BAR STAFF MORE INTELLIGENT THAN GUITARISTS?
Whenever I’m asked to perform at an ‘open mic’ night for free, I ask the question, “Are the bar staff getting paid?” Of course they are – they are not stupid; only musicians arrive at their local pub with £1000s of gear and then perform for free.
If you are any good then you should be paid – if you are not then you shouldn’t be performing in public. Simples! Will Halligan, Southport
Oh Will, that’s a very loaded argument. Having done 1000s of paid gigs myself, and quite a few free ones - “There’s no money I’m afraid, but the publicity will be good for you and you might get other work from it” is the usual old chestnut – I know where I SHOULD sit. The thing is there’s a fence propping me up and I can see over both sides! The other one is where the band says (and who hasn’t done this?), “Oh well, think of it as a dress rehearsal in front of an audience – it can only help.”
Also, having witnessed many dire open mic performances (and contributed a few myself, most notably one many years ago where I was so nervous that I got paralytic and couldn’t speak, let alone play or sing!), I feel that particular pain too.
Now, I know this will sound like a cop-out, but I think it’s down to the individual to decide. After all, one thing people often fail to consider is the sheer enjoyment and exhilaration in playing in front of people. Why shouldn’t good musicians (many of whom have no other vehicle with which to do so) have a bit of that? And, thinking about it, should we deny those less musically able the opportunity to experience the roar of the greasepaint and the smell of the crowd? Those bar staff are probably on the minimum wage, are hassled, abused and insulted, while the performers get their egos massaged and taste a little moment of stardom. Of course there’s the issue of venues exploiting musicians, but, again, the musician can always say no.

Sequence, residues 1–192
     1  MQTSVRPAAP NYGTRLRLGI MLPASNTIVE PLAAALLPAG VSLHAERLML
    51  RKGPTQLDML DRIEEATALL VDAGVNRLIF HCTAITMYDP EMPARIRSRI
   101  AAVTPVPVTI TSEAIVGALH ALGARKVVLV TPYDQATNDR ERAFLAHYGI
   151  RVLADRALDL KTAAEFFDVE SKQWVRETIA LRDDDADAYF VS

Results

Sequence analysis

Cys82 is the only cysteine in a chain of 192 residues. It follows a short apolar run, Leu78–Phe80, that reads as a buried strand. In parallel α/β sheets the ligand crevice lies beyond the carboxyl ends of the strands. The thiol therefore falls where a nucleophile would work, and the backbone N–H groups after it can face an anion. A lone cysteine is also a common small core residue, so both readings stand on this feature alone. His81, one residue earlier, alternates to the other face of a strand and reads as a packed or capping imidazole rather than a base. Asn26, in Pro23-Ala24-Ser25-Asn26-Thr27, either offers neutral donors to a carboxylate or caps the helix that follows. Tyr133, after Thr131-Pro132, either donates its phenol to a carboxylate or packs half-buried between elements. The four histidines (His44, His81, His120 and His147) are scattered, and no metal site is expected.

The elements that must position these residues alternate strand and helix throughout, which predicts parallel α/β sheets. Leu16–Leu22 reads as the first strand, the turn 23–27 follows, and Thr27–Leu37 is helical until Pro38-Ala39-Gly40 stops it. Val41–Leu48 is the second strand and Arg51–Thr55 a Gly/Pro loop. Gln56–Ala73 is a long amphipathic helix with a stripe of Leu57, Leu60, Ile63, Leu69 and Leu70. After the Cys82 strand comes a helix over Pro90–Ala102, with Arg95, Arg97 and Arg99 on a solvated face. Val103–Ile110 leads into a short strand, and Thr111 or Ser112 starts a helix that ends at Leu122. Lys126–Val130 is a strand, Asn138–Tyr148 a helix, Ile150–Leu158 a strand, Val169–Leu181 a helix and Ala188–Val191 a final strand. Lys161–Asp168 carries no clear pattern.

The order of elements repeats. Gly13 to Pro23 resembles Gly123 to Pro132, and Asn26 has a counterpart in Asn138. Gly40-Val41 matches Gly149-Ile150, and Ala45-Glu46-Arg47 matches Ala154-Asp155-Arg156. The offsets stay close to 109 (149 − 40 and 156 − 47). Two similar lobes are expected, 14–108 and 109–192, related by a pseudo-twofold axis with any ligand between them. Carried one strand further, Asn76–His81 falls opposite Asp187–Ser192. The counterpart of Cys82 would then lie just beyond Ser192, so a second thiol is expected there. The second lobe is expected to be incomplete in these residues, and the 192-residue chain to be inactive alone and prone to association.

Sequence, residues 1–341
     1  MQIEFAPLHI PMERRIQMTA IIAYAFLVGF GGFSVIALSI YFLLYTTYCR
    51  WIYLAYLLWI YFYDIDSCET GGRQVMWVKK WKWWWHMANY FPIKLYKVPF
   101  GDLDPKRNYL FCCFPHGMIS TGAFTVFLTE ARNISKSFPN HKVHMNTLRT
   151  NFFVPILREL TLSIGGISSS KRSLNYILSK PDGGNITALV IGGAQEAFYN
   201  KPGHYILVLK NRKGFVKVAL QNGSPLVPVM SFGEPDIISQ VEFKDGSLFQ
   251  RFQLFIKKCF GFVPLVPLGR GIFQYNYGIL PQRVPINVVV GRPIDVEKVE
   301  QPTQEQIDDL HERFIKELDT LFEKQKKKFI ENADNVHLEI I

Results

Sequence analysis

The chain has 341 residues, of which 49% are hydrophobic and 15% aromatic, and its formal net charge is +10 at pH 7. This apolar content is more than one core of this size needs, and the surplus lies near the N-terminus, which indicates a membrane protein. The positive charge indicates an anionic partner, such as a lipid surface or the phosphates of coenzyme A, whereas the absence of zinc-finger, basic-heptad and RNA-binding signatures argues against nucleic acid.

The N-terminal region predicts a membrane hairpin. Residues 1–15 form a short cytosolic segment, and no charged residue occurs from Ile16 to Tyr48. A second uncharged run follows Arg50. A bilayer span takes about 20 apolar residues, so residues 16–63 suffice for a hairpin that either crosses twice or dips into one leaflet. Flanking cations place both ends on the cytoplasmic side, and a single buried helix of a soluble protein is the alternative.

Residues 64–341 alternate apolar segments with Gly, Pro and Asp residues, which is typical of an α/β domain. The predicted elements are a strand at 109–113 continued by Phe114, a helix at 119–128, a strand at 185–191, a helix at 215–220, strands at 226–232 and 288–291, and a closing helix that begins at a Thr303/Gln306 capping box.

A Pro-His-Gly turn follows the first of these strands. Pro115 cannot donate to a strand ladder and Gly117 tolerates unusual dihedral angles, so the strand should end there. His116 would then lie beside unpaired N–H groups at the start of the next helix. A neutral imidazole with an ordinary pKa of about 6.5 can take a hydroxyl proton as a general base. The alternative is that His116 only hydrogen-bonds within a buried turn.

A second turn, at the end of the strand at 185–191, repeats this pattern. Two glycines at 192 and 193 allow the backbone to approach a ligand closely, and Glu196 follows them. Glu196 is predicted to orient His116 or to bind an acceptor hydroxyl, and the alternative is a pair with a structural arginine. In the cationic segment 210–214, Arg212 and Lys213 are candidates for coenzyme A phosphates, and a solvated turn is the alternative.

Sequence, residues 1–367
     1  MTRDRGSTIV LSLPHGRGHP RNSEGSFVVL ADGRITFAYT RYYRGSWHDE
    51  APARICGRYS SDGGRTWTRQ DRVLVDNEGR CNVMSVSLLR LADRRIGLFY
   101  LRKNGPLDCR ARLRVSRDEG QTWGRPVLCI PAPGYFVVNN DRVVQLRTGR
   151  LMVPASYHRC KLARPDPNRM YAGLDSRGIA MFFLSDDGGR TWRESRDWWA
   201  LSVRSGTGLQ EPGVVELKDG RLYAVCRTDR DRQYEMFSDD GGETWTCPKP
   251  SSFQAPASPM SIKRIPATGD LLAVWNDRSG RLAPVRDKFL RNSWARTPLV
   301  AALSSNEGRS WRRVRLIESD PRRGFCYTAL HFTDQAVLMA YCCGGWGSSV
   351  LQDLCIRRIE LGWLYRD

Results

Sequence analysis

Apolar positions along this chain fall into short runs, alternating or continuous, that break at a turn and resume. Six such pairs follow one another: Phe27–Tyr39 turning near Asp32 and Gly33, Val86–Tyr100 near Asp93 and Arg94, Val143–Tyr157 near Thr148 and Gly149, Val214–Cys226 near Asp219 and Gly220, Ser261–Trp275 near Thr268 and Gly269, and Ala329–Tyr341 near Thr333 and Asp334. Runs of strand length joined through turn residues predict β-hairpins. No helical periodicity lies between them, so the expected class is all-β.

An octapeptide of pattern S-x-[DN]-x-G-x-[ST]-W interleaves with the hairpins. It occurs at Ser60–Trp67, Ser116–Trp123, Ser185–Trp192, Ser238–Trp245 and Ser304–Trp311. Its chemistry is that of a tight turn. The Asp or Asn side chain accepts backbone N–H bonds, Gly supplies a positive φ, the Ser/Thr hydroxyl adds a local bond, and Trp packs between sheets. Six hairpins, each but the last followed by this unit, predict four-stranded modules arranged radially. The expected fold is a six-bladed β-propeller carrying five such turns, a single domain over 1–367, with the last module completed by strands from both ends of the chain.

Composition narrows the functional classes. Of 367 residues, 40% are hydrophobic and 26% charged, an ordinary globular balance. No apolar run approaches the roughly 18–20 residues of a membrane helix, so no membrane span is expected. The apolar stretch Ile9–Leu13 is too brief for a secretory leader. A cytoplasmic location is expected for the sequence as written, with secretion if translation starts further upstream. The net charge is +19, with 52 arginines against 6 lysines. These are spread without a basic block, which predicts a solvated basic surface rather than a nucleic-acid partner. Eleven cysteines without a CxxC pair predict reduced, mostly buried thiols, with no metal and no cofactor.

The Ultimate Rock Workout you did recently was really enjoyable. The thing is, I’m a more bluesyjazzy kind of a player (not heavy jazz, but blues with a bit of jazzy colour added to it), and I’d love to see another workout but with this kind of player in mind. Rock tends to be a bit repetitive and sequential, and a bit ‘square wave’ by comparison. If I were preparing for a big blues gig, or even fancied beefing up my blues chops, it would be great to have some well set-out ‘circuit training’, as I think you referred to it, for my particular tastes. Is there any chance of such a thing any time soon? I’m sure many readers would love it. Dan, Worthing
You’re in luck, Dan. From the outset we envisaged one or two more of these. People might imagine that a workout is a workout, but you’ve hit the nail on the head when you describe the differences between genres. And practising a load of sequential major scale tapping arpeggios is hardly going to set you up for that moody slow blues in G, is it? So watch the next couple of issues, as it will be appearing as our cover feature in GT233 – your bluesy six-pack awaits you!
The unpaid open mic performer: exploited or not?